In rare on-camera clash, Trump, top Democrats feud over border wall

WASHINGTON (Reuters) - U.S. President Donald Trump openly fought with the top two Democratic lawmakers in the Oval Office on Tuesday about government funding, throwing into question whether a deal was possible ahead of a deadline later this month.

In a remarkable public argument, the likes of which is seldom seen before cameras, Trump brawled with U.S. Senate Democratic Leader Chuck Schumer and House Democratic Leader Nancy Pelosi about funding for the wall he has promised to build on the southern border with Mexico.

"If we don’t get what we want, one way or the other - whether it’s through you, through a military, through anything you want to call - I will shut down the government," Trump said as the heated argument drew to a crescendo.

"I am proud to shut down the government for border security, Chuck, because the people of this country don’t want criminals and people that have lots of problems and drugs pouring into our country," he said before reporters left their ringside seats.

Vice President Mike Pence sat beside Trump, silent and stone faced.

Congress is seeking to finalize spending before some federal government funding expires on Dec. 21. While Trump's fellow Republicans control both the House and the Senate until next month, Democratic support is needed to pass any spending legislation.

Trump has asked Congress for $5 billion for border security, while Schumer and Pelosi said they offered to extend funding at current levels, around $1.3 billion. That is less than the $1.6 billion a bipartisan Senate committee has approved.

The meeting did not last long after reporters were ushered out of the Oval Office. White House spokeswoman Sarah Sanders said in a statement it was a "constructive dialogue" and said Trump was "grateful" the cameras captured him fighting to protect the border.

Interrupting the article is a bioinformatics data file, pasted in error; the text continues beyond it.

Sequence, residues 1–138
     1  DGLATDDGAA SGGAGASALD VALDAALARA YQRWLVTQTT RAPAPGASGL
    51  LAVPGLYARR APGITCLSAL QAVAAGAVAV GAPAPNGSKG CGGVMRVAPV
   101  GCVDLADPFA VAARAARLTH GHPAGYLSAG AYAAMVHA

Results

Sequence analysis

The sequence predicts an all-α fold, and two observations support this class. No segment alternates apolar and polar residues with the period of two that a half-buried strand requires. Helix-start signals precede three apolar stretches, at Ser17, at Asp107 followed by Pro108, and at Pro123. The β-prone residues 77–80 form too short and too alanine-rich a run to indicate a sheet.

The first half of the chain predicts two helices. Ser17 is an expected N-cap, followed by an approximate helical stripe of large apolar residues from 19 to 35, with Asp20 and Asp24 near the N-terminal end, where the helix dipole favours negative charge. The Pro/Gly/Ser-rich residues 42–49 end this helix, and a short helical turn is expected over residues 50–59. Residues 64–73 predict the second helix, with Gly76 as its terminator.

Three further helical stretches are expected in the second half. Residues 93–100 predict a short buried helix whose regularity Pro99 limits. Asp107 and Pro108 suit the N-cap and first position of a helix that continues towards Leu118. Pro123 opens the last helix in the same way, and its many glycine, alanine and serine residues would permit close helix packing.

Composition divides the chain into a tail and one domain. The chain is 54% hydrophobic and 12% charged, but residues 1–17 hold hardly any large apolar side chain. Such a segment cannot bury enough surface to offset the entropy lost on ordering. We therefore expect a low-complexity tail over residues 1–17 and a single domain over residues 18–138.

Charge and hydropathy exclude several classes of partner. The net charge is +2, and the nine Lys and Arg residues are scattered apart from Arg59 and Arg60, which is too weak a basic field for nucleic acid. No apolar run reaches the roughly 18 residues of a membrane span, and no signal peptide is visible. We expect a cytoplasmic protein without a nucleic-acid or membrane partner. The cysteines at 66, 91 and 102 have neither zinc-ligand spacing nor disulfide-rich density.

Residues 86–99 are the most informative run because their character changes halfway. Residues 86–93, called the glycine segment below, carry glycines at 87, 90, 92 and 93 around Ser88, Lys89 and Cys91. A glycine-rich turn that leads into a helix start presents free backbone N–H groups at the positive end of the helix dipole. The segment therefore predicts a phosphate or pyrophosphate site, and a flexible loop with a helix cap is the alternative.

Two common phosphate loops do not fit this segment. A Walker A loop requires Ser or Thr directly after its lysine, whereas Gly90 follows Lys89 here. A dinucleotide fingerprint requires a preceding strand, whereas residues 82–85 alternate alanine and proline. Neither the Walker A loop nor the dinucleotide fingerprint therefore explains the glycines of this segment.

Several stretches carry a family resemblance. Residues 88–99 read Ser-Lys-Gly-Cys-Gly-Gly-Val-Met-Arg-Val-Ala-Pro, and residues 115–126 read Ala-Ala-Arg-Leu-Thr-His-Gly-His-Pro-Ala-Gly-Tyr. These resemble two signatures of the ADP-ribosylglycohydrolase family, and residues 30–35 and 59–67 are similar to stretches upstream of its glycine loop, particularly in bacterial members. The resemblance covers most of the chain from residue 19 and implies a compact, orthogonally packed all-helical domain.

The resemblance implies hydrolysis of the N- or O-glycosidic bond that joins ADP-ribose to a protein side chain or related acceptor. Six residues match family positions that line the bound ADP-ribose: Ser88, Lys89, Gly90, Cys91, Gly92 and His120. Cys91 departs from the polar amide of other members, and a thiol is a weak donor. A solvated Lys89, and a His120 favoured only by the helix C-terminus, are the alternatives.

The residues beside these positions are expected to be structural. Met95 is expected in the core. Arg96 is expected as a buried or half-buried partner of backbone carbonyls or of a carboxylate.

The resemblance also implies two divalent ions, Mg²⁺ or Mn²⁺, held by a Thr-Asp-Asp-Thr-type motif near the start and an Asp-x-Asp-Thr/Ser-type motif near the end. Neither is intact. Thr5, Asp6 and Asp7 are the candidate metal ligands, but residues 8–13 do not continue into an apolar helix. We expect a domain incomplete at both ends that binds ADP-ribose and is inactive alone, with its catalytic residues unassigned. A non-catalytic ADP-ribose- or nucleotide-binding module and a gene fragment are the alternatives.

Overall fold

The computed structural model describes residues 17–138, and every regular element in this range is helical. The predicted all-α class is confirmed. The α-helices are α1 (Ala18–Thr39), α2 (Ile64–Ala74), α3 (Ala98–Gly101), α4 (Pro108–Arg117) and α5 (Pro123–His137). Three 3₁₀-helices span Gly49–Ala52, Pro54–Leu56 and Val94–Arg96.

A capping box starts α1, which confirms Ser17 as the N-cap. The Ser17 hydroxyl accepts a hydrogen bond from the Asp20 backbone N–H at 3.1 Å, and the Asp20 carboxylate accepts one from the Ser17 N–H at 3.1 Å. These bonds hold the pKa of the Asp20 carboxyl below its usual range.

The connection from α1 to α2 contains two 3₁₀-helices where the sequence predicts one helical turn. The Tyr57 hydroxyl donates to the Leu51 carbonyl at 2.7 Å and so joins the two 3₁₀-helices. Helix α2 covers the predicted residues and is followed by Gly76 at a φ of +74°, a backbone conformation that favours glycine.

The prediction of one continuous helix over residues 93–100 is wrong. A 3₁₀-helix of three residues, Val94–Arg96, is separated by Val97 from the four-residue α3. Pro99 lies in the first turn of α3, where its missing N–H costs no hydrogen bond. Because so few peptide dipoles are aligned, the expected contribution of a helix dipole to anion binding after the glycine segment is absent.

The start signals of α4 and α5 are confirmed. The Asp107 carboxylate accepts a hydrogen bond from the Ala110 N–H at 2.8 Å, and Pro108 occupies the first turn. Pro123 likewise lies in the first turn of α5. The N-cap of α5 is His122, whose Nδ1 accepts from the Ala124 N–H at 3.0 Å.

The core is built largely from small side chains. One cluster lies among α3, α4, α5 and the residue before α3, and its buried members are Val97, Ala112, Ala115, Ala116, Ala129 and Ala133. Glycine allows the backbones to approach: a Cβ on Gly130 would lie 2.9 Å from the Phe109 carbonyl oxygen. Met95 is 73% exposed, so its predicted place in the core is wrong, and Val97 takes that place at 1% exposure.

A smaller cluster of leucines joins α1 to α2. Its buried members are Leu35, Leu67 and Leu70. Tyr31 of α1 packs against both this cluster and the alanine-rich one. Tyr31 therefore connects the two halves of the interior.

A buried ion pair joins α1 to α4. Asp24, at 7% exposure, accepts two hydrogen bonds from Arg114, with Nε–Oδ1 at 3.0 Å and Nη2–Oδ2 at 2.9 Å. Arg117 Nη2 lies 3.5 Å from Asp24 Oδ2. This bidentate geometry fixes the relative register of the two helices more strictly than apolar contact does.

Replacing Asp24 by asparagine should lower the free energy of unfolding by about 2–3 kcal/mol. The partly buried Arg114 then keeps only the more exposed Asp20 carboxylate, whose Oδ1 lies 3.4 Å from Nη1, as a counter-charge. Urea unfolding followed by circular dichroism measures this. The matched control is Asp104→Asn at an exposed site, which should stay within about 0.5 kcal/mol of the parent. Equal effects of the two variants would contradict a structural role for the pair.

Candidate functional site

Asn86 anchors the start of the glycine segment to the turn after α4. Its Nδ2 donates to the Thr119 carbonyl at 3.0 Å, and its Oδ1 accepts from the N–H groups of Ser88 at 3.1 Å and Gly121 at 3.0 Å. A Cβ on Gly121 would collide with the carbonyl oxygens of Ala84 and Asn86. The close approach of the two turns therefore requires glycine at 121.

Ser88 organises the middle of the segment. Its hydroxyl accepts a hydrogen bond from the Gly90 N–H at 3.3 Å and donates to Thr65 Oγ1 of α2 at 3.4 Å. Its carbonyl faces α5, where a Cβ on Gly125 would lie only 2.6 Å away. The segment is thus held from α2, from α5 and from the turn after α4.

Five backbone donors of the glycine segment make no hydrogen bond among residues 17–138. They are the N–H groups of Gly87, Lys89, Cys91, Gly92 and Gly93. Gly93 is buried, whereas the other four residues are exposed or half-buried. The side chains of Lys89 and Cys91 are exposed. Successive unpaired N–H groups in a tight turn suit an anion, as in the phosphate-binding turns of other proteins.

Back on Capitol Hill, Schumer accused Trump of throwing a tantrum. But he said Trump told the Democrats he would consider their budget proposals, Schumer told reporters.

Pelosi, who told reporters she thought the Democrats had left things "in a pretty good place," said she had prayed with Trump during the private portion of the meeting, recounting the biblical story of King Solomon asking God for wisdom.

After the meeting, the Democratic House fundraising arm immediately sent out an email asking supporters for money.


It was the first time Trump met with Pelosi and Schumer since the Democrats won control of the House of Representatives in Nov. 6 congressional elections - a rocky start to the relationship the White House will have with the opposition party, with which it needs to deal to advance any priorities.

The fight kicked off when Pelosi told Trump that Americans did not want to see a "Trump shutdown," touching a nerve. Trump cut off Pelosi, arguing that he could not advance a funding bill without Democratic votes in the Senate.

"If I needed the votes for the wall in the House, I would have them in one session, it would be done," Trump bragged.

"Well then - go do it, go do it," Pelosi shot back.

Senior White House staff watched the melee from the corners of the room, among them Jared Kushner and Ivanka Trump, outgoing Chief of Staff John Kelly, immigration adviser Stephen Miller and Shahira Knight, his legislative director.

"I don't think we should have a debate in front of the press on this," Pelosi said.

"We're doing this in a very friendly manner," Trump said.

Then Schumer brought up "Pinocchios" that Trump had been awarded by the Washington Post for misstatements on the issue and accused him of wanting to get his own way.

"Let's call a halt to this," Pelosi said as the two went at it. "It's not bad, Nancy - it's called transparency," Trump said.

When Pelosi brought up Republican election losses in the House, Trump quickly retorted that his party won the Senate.

"When the president brags that he won North Dakota and Indiana, he's in real trouble," Schumer said to the astonished press capturing the back-and-forth.

Trump said that both sides agreed there was a need for border security.

"Yes, we do," Schumer said.

"Good," Trump said.

"We do," Schumer said.

"See, we get along," Trump said.

(Reporting by Roberta Rampton, Susan Cornwell Doina Chiacu, Amanda Becker, David Alexander, Lisa Lambert and Susan Heavey; additional reporting by David Morgan; editing by Phil Berlowitz and Cynthia Osterman)

12/11/2018 15:19

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